The Dehumanizing Qualities of Low Wage Work

By Summer Dowd-Lukesh '14Staff Writer

Barbara Ehrenreich’s book “Nickel and Dimed: On (Not) Getting By In America” is an exercise in investigative journalism examining the lives of low-wage workers, especially women, in the United States.  Ehrenreich worked low wage jobs for a year and lived entirely off of the money earned in those positions.  Her work makes excellent points about the life of a low-wage worker in the United States.  It is true that working hard every day for little pay takes an extreme toll on one’s body and mind, but most fascinating was her discussion of the tolls that low-wage work take on the soul.  In her section about low-wage maid work in Maine, Ehrenreich quotes a coworker as saying, “We’re nothing to these people. We’re just maids.”  The book is littered with words like “helpless” and “pain.” Then there’s the question: “If you hump away at menial jobs 360-plus days a year, does some kind of repetitive injury of the spirit set in?”

In President Franklin Roosevelt’s State of the Union speech in 1944 he laid out “The Economic Bill of Rights,” a list of things he dreamed would be guaranteed to every American worker.  These included “The right to a useful and remunerative job in the industries or shops or farms or mines of the nation… the right to adequate medical care and the opportunity to achieve and enjoy good health” and “the right to adequate protection from the economic fears of old age, sickness, accident and unemployment.”  Our president saw these conditions not just as privileges, but also as basic rights necessary to living a good human life.  It could be said that the women Ehrenreich worked with in Maine did not have a remunerative job, good health or adequate protection from the fears of sickness or accident.  Not having these basic tenements of security made their lives terribly unstable and restricted their ability to live a good life.  Such working conditions have a harmful effect not only on their bodies and minds, but on their very souls.  “Maybe it’s low-wage work in general that has the effect of making you feel like a pariah,” Ehrenreich writes.  Our nation lives off of the backs of individuals who live and work in ways that the middle and upper classes would never consider decent, let alone humane.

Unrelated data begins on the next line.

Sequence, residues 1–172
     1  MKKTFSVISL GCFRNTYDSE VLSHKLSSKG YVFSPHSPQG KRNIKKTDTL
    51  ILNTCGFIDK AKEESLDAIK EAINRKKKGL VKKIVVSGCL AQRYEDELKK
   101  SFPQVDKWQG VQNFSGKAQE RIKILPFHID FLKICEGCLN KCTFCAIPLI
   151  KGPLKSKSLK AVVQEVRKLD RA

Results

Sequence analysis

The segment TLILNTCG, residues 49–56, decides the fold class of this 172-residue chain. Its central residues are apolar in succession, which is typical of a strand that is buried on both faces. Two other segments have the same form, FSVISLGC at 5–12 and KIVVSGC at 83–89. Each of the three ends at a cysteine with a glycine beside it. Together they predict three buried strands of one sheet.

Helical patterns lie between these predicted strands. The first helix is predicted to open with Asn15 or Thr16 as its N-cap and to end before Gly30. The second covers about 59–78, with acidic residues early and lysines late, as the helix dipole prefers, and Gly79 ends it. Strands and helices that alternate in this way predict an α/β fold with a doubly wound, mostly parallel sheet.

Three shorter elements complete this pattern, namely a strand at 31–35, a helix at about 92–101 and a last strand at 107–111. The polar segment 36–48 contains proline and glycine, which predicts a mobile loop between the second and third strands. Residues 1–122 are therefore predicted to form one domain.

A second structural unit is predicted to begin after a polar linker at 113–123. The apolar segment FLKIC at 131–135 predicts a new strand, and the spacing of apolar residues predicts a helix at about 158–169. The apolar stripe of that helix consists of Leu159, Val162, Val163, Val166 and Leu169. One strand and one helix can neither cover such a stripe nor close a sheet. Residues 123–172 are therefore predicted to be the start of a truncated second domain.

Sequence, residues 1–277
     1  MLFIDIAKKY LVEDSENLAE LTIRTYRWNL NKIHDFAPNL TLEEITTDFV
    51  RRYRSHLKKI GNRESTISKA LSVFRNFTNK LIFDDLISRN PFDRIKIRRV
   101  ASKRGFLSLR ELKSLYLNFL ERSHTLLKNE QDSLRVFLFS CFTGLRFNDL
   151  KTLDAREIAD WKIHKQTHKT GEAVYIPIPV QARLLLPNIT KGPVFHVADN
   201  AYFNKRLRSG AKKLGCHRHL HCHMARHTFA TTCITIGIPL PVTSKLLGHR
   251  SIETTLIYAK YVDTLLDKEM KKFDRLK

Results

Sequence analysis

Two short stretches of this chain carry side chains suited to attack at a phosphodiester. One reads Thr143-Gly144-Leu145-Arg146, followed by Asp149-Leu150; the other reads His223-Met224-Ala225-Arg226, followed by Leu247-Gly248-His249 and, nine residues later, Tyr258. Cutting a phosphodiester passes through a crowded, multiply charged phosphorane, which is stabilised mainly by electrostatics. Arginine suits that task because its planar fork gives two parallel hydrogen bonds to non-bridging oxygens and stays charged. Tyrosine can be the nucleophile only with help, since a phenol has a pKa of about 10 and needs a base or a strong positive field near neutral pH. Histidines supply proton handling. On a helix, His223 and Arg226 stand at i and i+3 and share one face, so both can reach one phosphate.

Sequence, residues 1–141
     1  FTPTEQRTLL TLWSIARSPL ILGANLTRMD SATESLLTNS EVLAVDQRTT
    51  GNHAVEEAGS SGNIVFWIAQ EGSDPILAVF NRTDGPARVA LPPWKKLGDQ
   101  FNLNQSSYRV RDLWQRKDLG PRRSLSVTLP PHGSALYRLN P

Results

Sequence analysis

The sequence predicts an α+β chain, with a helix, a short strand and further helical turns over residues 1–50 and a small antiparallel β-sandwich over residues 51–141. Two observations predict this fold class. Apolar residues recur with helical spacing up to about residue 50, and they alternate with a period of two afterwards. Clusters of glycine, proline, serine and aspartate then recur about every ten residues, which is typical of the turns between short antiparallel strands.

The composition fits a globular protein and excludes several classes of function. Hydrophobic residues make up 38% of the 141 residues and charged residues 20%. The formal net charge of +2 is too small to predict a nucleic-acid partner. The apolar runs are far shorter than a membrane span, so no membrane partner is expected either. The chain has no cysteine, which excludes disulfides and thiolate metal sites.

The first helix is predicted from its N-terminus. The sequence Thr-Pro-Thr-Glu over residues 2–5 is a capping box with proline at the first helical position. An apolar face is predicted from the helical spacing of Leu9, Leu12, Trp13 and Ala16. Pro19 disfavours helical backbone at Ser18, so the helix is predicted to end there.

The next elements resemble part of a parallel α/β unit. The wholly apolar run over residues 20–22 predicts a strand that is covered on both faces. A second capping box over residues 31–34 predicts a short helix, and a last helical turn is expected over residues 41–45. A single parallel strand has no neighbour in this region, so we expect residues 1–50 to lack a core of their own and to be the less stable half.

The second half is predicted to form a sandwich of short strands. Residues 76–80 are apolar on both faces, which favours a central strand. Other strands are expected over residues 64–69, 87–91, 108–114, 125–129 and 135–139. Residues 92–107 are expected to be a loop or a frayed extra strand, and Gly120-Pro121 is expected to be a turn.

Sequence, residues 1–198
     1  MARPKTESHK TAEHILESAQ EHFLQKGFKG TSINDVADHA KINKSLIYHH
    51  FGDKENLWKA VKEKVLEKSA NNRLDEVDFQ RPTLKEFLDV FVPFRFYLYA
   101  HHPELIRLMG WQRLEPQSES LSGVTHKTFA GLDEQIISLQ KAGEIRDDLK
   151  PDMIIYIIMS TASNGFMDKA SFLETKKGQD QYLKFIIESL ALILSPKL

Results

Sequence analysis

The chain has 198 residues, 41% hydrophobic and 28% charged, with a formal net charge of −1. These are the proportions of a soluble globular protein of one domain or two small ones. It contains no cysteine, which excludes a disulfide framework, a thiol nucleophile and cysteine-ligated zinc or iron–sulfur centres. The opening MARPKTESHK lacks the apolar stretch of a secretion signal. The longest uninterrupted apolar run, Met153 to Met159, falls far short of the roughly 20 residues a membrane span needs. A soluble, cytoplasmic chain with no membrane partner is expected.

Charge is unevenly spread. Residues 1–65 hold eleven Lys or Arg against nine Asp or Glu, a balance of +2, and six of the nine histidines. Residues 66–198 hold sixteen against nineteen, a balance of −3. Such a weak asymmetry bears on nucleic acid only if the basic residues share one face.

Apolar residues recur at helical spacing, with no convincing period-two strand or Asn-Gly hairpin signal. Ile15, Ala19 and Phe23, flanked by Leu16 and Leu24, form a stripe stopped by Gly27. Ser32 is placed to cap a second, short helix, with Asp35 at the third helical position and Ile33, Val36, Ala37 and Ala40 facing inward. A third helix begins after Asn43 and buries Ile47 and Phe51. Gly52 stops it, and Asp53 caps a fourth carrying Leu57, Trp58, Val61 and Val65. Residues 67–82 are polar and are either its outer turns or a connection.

Ehrenreich’s tale about the suffering of women in Maine working low-wage jobs in order to feed their families reinforces the belief that allowing the stratification of classes, so that the world’s poor live on nothing and the world’s rich live on almost everything, is inhumane and morally wrong.  We as a species have a moral obligation to level the playing field for women like Ehrenreich’s coworkers and make our new globalized world a place where no one has to keep working despite broken bones; eat little to no food in a high-stress and high-activity environment; or have her soul crushed by a society that says low-wage work and the people who do it are worthless and unimportant.